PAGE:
Also remember no matter what you do, some people will not care, will think they are above it, will think they don’t need to follow these rules, will think they can’t make a mistake and will not implement appropriate safety procedures either by your standard, by the NAFAA suggestions or the standards of the local fire department. It happens all the time. Try not to take this personally. Sometimes people will have a negative response, but I was recently pleasantly surprised when I called a local artist out at a jam for using tools that seemed unsafe and the artist actually took responsibility and thanked me for calling him out, so I have to advocate for speaking up and doing with the clarity that this is your standard and others are free to do as they want, though you hope they will have consideration for the community at large rather than operate without consideration for other’s whom they are impacting.
All you can do is educate as much as possible. If you’re hosting a class that educates people and you go to your local fire department, you’re doing what you can and at that point, you have to let it go when other’s behave in ways you deem unsafe.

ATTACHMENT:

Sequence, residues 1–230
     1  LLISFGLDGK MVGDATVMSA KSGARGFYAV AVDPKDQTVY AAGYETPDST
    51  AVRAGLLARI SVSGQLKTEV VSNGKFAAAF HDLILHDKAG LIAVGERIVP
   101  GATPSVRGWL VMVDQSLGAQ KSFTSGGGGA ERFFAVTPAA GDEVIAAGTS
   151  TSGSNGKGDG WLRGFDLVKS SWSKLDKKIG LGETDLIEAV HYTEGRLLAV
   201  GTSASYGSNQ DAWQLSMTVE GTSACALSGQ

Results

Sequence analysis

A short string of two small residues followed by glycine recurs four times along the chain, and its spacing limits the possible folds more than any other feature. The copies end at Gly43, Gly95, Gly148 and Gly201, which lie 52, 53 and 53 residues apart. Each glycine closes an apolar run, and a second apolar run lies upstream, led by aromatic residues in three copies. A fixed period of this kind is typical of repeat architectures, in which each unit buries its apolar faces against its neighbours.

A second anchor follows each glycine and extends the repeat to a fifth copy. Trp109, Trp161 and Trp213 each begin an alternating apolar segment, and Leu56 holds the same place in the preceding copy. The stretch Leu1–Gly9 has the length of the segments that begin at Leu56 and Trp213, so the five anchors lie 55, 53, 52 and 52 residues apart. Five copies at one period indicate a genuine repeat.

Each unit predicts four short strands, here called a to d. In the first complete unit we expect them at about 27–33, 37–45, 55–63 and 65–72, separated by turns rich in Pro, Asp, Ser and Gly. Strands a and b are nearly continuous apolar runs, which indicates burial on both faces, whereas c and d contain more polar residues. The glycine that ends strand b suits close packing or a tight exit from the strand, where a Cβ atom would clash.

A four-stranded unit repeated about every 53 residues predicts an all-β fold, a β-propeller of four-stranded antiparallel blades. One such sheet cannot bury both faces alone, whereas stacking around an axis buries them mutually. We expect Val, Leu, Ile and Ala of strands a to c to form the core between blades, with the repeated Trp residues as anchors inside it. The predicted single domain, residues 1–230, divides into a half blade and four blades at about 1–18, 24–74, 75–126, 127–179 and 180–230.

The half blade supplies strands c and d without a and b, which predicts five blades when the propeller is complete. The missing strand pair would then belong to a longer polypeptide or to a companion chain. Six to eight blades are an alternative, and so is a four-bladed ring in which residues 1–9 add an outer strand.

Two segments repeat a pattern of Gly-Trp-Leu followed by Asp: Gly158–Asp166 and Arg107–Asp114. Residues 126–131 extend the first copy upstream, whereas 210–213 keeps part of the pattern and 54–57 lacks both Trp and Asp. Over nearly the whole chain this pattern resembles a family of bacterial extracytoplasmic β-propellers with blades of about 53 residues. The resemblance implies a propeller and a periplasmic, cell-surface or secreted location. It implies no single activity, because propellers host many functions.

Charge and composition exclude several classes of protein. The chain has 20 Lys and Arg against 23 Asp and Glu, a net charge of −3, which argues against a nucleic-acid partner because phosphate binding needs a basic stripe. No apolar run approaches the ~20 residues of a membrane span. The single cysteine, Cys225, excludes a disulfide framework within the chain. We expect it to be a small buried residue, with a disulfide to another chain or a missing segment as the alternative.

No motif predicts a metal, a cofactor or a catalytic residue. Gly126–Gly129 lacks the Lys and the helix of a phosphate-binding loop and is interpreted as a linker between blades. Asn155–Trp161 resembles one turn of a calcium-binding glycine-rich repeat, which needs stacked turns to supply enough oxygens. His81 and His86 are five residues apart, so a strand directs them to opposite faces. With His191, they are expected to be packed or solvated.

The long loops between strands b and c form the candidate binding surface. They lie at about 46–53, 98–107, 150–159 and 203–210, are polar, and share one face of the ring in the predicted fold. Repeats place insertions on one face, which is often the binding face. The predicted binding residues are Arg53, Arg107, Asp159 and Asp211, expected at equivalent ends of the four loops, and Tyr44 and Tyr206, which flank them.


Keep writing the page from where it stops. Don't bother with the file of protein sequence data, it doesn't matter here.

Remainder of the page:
Speak up and speak often to distance yourself from behaviors that you don’t want to encourage — tweet about it, blog about it and talk about it on Facebook. This gives you a written record of your long standing support for the guidelines, something that has actually helped me get permits after years of constant advocacy with the fire department.
In the end there are three things to do: educate those who will listen, differentiate yourself from those who would not care and be the change you want to see in the world by setting the best example of what to do.
*If you opt to go this route and become a liaison of sorts, you’re also now in a much more visible position where, like it or not, you will be watched. As an example of this, less than two months after finalizing the paperwork with the SFFD, I was featured in this SF Weekly article, Poi oh Poi. The day the article came out at 10:30 in the morning the SFFD was knocking at my office door asking me about my safety procedures. The means you will need to be more mindful to ensure you’re not doing things that call into question your commitment to the safety procedures, either from members of the community or from officials in the local fire department.